Maui Business

Maui’s Unemployment Rate at 5.6% in January

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Courtesy photo.

Courtesy photo.

By Sonia Isotov

The Hawaii Department of Labor & Industrial Relations today announced that the seasonally adjusted unemployment rate for January on Maui was 5.6%, compared to the revised rate of 5.0% in December.

One year ago for the same month of January 2012, the seasonally adjusted unemployment rate was 6.8%, or a 1.1% decrease.


Statewide, the unemployment rate in January was 5.2%, compared to the revised rate of 5.1% in December. Statewide, there were 618,350 employed and 33,850 unemployed in January, for a total seasonally adjusted labor force of 652,200.

Nationally, the seasonally adjusted unemployment rate was 7.9%, up from 7.8% in December.

In a separate measure of employment, total seasonally adjusted non-agricultural jobs declined in January 2013 by 400 over-the-month statewide. No Maui statistics are available from DLIR for these figures. Within industry sectors, statewide job gains were experienced in Construction (+600), Professional & Business Services (+600), and Other Services (+500) categories.


Since the second quarter of 2012, statewide construction employment has trended upward. According to the Department of Business, Economic Development, and Tourism, in the fourth quarter of 2012, there was an over-the-year increase of 49.5.% in the issuance of private building permits.

In January over December, statewide job losses occurred in Trade, Transportation, & Utilities (-600), Leisure & Hospitality (-500), Manufacturing (-200), Financial Activities (-200), and Educational & Health Services (-200).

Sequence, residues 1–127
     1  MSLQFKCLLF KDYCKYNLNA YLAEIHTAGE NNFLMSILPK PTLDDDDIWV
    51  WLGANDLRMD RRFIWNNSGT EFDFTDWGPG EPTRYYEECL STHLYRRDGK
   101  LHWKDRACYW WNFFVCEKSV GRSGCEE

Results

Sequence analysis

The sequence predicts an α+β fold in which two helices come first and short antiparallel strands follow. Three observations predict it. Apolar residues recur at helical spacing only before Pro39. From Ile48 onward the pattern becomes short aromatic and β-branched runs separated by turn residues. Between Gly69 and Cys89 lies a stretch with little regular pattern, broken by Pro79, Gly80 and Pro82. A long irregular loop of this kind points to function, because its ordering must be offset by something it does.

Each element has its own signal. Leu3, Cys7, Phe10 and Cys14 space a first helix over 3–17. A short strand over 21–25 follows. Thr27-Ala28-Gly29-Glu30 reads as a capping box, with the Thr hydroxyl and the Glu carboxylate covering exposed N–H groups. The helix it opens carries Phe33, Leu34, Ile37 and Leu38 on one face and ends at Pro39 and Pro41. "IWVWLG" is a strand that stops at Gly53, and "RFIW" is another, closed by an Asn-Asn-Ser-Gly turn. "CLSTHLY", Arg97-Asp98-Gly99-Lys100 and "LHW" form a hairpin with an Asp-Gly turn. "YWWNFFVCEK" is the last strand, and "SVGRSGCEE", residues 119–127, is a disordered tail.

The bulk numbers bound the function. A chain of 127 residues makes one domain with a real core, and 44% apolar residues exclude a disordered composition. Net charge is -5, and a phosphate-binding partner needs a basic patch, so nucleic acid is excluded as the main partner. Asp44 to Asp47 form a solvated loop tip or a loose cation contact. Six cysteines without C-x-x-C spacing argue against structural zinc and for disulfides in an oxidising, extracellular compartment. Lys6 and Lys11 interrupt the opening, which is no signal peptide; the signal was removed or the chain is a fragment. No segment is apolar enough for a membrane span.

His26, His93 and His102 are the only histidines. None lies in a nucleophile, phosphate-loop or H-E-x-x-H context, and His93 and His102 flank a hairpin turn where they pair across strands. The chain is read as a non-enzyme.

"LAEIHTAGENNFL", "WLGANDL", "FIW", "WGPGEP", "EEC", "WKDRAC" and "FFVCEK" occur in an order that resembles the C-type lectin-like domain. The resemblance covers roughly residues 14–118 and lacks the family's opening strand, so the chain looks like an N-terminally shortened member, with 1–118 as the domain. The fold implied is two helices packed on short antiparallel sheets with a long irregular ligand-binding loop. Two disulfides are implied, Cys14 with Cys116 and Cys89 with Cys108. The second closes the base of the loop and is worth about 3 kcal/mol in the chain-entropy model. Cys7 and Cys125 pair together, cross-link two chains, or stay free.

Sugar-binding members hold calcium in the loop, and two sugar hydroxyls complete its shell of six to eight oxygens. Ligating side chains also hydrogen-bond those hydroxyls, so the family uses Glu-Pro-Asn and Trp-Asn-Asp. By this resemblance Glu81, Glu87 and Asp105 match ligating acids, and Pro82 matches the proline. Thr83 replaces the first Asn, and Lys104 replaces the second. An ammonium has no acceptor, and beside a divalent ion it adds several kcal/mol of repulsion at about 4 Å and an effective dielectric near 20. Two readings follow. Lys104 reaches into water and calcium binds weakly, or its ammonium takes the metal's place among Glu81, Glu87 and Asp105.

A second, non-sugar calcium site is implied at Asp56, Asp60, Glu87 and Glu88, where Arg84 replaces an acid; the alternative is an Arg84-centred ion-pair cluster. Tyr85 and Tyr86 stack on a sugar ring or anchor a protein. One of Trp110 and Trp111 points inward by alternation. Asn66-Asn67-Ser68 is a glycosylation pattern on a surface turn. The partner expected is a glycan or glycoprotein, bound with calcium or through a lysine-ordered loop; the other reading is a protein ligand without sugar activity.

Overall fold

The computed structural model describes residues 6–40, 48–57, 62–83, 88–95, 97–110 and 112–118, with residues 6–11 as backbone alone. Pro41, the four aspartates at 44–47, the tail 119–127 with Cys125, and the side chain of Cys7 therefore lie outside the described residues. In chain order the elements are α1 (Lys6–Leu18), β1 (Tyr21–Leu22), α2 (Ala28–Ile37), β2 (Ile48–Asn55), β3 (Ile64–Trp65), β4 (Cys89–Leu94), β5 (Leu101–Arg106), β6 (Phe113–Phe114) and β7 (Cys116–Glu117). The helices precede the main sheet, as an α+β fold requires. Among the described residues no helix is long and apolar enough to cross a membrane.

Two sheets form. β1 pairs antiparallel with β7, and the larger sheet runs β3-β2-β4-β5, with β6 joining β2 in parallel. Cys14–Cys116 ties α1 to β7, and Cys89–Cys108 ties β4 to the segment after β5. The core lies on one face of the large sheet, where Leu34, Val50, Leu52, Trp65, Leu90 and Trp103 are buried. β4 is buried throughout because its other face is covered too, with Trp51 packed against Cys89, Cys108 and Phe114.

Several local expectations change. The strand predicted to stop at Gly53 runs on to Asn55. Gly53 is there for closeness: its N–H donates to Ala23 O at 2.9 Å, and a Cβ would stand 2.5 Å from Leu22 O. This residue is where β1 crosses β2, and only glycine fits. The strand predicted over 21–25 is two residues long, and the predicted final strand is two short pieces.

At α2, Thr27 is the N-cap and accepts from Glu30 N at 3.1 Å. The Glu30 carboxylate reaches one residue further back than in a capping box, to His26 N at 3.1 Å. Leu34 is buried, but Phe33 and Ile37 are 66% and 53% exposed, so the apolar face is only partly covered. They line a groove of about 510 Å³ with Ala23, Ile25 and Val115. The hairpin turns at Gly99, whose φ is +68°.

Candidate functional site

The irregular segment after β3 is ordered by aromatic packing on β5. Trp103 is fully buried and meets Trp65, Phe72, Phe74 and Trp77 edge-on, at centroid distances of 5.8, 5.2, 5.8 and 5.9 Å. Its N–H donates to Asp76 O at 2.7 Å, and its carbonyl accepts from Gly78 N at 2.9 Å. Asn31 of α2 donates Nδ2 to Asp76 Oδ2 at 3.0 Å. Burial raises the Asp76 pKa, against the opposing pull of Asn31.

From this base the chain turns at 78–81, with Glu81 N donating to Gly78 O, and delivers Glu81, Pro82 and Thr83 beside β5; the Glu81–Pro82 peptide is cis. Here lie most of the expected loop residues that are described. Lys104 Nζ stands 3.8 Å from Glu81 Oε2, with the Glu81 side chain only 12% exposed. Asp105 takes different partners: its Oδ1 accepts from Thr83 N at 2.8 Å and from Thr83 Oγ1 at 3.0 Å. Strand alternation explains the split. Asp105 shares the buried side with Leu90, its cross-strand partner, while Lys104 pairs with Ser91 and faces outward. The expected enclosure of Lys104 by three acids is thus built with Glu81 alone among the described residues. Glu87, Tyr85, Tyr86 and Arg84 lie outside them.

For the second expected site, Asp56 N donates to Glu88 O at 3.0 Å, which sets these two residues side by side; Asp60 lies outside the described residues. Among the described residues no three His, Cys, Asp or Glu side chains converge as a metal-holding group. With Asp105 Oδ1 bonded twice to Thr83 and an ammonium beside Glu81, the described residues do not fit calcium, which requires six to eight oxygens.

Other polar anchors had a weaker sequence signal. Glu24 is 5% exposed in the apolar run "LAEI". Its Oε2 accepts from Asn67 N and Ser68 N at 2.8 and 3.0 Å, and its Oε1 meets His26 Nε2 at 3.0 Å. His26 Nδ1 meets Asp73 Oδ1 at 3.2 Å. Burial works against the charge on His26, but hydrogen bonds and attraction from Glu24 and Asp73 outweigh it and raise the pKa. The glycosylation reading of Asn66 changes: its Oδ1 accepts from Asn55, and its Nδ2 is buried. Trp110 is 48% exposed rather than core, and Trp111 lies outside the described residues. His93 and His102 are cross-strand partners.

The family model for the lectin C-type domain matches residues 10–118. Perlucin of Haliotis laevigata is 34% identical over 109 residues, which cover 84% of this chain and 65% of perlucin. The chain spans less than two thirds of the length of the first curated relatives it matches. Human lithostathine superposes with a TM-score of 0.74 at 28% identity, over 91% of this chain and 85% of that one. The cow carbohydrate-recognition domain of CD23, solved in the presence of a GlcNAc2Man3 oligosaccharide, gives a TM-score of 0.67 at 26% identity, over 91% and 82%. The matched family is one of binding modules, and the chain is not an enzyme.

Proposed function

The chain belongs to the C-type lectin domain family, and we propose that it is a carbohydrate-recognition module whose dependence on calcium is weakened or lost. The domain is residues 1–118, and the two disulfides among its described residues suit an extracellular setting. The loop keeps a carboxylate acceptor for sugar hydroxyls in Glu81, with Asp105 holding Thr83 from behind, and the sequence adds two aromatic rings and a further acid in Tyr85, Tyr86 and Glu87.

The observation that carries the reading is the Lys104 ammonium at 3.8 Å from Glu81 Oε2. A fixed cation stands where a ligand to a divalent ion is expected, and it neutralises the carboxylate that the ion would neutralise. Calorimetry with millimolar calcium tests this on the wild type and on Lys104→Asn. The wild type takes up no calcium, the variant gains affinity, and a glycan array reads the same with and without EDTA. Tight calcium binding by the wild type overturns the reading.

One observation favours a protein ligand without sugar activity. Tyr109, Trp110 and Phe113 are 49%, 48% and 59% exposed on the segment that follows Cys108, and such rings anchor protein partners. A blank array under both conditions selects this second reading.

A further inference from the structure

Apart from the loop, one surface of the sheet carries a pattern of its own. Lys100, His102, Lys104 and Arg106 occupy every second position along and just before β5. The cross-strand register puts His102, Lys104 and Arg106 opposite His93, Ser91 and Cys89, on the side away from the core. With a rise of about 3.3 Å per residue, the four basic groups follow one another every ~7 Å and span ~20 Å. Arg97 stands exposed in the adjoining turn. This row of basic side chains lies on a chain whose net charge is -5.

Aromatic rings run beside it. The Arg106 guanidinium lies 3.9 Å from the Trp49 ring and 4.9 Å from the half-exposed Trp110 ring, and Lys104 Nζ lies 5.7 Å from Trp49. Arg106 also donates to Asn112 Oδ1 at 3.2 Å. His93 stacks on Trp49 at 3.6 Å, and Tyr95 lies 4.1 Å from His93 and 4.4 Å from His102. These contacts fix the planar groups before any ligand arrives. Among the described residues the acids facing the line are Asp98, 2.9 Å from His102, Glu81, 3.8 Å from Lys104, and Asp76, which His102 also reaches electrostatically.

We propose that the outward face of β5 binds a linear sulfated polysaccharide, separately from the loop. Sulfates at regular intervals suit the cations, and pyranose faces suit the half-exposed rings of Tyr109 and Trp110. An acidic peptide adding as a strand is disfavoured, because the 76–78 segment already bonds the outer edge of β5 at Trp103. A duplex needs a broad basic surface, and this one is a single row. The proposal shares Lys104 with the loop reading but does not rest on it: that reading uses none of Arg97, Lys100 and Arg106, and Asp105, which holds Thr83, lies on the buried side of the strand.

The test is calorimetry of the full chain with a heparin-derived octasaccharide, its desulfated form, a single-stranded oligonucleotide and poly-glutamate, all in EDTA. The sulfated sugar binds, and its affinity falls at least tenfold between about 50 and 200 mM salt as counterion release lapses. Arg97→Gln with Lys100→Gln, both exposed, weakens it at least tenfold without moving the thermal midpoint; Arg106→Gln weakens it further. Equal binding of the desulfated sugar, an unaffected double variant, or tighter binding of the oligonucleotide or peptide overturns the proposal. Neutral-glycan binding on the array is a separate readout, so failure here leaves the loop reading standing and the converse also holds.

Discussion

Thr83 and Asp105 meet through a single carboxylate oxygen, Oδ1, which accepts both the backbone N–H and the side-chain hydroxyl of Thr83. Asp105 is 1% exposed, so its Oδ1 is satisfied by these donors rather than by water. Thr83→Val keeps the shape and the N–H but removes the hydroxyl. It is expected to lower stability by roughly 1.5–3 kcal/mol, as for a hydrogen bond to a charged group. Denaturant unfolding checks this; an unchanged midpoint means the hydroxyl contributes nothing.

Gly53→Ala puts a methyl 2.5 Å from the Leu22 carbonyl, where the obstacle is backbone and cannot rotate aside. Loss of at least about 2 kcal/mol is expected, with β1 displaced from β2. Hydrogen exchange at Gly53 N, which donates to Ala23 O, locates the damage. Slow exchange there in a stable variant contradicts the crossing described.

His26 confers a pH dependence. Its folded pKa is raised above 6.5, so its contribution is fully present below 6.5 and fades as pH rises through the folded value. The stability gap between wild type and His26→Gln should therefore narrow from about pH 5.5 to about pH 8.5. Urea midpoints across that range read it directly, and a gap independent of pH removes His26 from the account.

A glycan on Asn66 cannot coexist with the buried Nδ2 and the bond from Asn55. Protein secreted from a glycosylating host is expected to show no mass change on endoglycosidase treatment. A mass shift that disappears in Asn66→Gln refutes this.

The largest statewide drop within Trade, Transportation, & Utilities took place in Retail Trade. Within Leisure & Hospitality, job losses were concentrated in Food Services & Drinking Places. In the public sector, employment remained stable over-the-month.


Compared with January 2012, among major industry sectors, there has been prominent statewide job expansions in Leisure & Hospitality (+2,700), Construction (+2,300), Trade, Transportation, & Utilities (+2,200), and Professional & Business Services (+1,900).

The seasonal fluctuations in the number of employed and unemployed persons reflect hiring (and layoff) patterns that accompany regular events such as the winter holiday season and the summer vacation season. These variations make it difficult to tell whether month-to-month changes in employment and unemployment are due to normal seasonal patterns or to changing economic conditions. To deal with such problems, a statistical technique called ‘seasonal adjustment’ is used by the DLIR.

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